February saw the unveiling of two very different devices for harvesting energy from human motion. Max Donelan and colleagues at Simon Fraser University in British Columbia introduced their electricity-generating knee brace that they claim can generate about 5 watts of electricity. Meanwhile at the Georgia Institute of Technology in the US, Zhong Lin Wang and team showed off a fabric, that if used in trousers worn by a hiker, could generate enough electricity to charge a mobile phone. Later this year, Zhong Lin Wang improved his design when he realised that the original fabric would wear out too quickly.
The discovery of a new type of high-temperature superconductor gave the sagging field of high-Tc superconductivity a much needed boost in 2008. Everyone was talking about these iron-arsenide materials at the APS March Meeting in New Orleans – and in particular the groundbreaking work of Hideo Hosono and colleagues at the Tokyo Institute of Technology. As the year progressed, a deluge of papers reported the discovery of similar superconducting materials as theorists tried to understand exactly how superconductivity could exist in a compound containing a strongly magnetic material like iron. The big question is whether this discovery will lead rapidly to a better overall understanding of high-Tc materials — or will it further muddy the waters?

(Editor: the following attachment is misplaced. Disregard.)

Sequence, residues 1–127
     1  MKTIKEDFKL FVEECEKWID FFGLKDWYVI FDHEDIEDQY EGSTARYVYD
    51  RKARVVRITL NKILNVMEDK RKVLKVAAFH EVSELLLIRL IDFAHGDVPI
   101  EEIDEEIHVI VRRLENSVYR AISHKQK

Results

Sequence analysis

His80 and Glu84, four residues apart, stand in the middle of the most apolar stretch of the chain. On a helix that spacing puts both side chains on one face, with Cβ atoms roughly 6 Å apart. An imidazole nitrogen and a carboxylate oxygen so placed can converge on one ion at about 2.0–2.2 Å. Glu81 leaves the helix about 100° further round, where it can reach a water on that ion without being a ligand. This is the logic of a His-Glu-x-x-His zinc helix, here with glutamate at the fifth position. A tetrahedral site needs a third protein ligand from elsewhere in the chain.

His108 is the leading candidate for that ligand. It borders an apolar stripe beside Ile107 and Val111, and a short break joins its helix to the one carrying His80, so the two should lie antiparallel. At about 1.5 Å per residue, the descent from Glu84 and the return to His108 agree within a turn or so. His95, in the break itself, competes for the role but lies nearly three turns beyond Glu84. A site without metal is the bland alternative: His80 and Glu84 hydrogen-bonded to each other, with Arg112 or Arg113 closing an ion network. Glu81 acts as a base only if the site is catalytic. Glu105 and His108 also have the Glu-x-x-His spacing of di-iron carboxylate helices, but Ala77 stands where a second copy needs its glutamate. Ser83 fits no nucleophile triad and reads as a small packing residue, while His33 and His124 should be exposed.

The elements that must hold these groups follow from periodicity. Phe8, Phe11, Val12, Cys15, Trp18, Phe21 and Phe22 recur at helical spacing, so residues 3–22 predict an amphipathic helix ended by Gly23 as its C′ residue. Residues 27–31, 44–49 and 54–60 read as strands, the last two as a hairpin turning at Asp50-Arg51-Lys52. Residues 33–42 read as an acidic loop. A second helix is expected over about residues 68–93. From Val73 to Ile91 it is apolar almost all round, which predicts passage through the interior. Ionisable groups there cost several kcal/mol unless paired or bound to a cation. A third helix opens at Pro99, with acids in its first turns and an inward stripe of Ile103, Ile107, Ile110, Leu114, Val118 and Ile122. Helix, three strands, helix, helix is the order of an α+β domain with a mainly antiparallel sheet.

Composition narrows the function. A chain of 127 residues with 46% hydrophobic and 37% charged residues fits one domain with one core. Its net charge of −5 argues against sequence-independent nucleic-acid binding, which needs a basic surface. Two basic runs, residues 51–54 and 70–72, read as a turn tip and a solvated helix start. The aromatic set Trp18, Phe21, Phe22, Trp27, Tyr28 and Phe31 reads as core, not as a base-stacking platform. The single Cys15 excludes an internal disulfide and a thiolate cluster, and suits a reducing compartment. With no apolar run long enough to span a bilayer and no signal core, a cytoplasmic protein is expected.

Poor leadership and lamentable decision making were two charges levelled at the UK’s Science and Technology Facilities Council (STFC) by a parliamentary committee in April. The MPs were investigating the STFC’s handling of an £80m shortfall in research funds that came to light in late 2007 and left some British physicists worrying about losing their research grants — or even their jobs. In June, the government announced that it would not fill the £80m void and said that the money was never promised in the first place, again placing blame on the STFC for expecting to receive more money than it was due.